Through these events, the chapter grew closer by fostering genuine relationships absent of school and personal stressors.

“They made my job significantly easier and stood by me throughout the entire year,” Walker said. “I am forever thankful for their hard work.”

For more information about Lambda Sigma, click here.

To learn more about the School of Journalism and New Media’s journalism and IMC programs, visit our website.

This story was written by Edwin Smith for University Communications.

Kappa Tau Alpha chapter announces class of 2020 and 2021 initiates

Posted on: May 5th, 2021 by ldrucker

The University of Mississippi School of Journalism and New Media Kappa Tau Alpha chapter has announced its Class of 2020 and 2021 initiates.

Both groups were honored at initiation ceremonies during graduation. The KTA top undergraduate award was given to Nigel Dent. The faculty honoree was Alysia Steele, associate professor of journalism.

Only the top 10 percent of senior and junior journalism and IMC students are invited to join the society. Graduate students are also invited. A minimum grade point average of 3.0 is required.

Award

The Greek letters Kappa Tau Alpha stand for knowledge, truth and accuracy. There are no better words to describe the goals of journalism.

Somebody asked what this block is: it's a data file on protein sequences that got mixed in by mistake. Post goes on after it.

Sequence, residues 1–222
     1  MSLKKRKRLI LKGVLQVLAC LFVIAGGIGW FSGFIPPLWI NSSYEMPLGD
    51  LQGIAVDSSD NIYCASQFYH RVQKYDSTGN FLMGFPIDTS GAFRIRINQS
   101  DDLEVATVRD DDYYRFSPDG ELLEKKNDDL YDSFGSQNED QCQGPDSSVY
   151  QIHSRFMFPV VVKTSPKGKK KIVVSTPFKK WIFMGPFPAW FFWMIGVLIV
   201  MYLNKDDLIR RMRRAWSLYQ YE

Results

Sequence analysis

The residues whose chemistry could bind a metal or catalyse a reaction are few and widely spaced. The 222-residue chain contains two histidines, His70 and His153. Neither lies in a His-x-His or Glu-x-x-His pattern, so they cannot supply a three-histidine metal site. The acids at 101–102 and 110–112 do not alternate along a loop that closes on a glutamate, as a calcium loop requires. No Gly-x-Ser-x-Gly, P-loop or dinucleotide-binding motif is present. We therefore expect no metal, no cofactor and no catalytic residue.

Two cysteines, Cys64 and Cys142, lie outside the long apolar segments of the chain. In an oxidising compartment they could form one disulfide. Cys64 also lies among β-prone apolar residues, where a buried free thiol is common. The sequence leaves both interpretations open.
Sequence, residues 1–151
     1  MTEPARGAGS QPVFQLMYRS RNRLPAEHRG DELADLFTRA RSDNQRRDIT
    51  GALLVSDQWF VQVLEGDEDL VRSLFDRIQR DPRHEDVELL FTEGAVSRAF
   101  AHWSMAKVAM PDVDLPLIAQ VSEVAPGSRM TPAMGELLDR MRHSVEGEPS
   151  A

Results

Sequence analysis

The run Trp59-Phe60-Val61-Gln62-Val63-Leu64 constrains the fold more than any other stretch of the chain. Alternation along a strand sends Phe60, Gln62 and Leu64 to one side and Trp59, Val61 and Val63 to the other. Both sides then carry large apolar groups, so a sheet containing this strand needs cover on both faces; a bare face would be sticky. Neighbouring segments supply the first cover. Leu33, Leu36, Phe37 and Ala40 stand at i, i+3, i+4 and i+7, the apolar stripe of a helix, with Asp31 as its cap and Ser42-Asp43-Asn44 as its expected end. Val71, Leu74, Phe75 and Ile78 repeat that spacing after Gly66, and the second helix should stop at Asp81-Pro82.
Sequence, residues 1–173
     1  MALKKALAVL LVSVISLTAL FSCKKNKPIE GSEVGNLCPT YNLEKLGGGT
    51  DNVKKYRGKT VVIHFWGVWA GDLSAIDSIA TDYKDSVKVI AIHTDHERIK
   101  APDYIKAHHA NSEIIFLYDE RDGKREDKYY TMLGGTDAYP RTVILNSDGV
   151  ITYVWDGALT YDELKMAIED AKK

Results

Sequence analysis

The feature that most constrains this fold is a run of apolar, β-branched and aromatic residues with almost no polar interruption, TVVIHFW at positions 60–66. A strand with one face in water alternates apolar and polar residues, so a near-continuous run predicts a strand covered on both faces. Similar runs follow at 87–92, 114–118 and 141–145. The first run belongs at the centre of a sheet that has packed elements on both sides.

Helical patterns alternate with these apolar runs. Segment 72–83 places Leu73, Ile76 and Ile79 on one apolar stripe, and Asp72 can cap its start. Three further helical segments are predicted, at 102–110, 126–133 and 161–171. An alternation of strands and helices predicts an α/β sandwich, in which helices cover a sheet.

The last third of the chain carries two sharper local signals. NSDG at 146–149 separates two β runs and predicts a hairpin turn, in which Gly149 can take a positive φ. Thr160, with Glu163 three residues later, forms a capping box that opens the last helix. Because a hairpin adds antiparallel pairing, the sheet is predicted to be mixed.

The society was founded at the University of Missouri School of Journalism in 1910 and now has 99 campus chapters. Kathleen Wickham is the chapter advisor.

Kappa Tau Alpha is a college honor society that recognizes academic excellence and promotes scholarship in journalism and mass communication, according to the organization website.

Membership must be earned by excellence in academic work at one of the colleges and universities that have chapters. Selection for membership is a mark of highest distinction and honor.

2021 New members

Seniors 

Danielle Angelo

Kaylee Crafton

Danya Drake

Lauren Kate Drewry

Sage McNamara

Madeline Quon

Sarah Tonos

Ansley Wood

Hayden Wiggs

Juniors 

Mary Boyte

Grace Bynum

Anne Clark Harvey

Inductees from 2020 (Inducted as juniors, now seniors) 

Kailee Ayers

Alexandra Barfield

Anna Borgen

Nigel Dent

Asia Harden

Matthew Hendley

Avary Hewlett

Gavin Norton

Julia Peoples

Olivia Schwab

Jackson Sepko

Reagan Stone

Mason Scioneaux

Tyler White

Lauren Wilson

Inductees from 2020 who have graduated 

Callahan Basil

Payten Coale

Cathryn Crawford

Andrew Gardner

Katherine Johnson

Virginia Monssor

Alexander Norris

Austin Parker

McKenzie Richmond

Hannah Rom

Meredith Sills

Nicholas Weaver

Hannah Williamson

View highlights from the UM School of Journalism and New Media 2021 graduation

Posted on: May 4th, 2021 by ldrucker

If you missed graduation, or you want to relive the fun, check out our Graduation 2021 page.

There,  you’ll find videos featuring candid photos of our graduates’ favorite memories from the University of Mississippi. We’ve put together a video slideshow.

Senior Memories 2021

Senior Memories 2021

You can also view the Class of 2021 Commencement Ceremony Program and watch a video featuring our guest speaker, Jesse J. Holland, who also graduated from the University of Mississippi School of Journalism and New Media before becoming a journalist and author.

And you can read profiles of some of our outstanding 2021 graduates. You can access this content later under the Graduation tab on our website.

Congratulations seniors!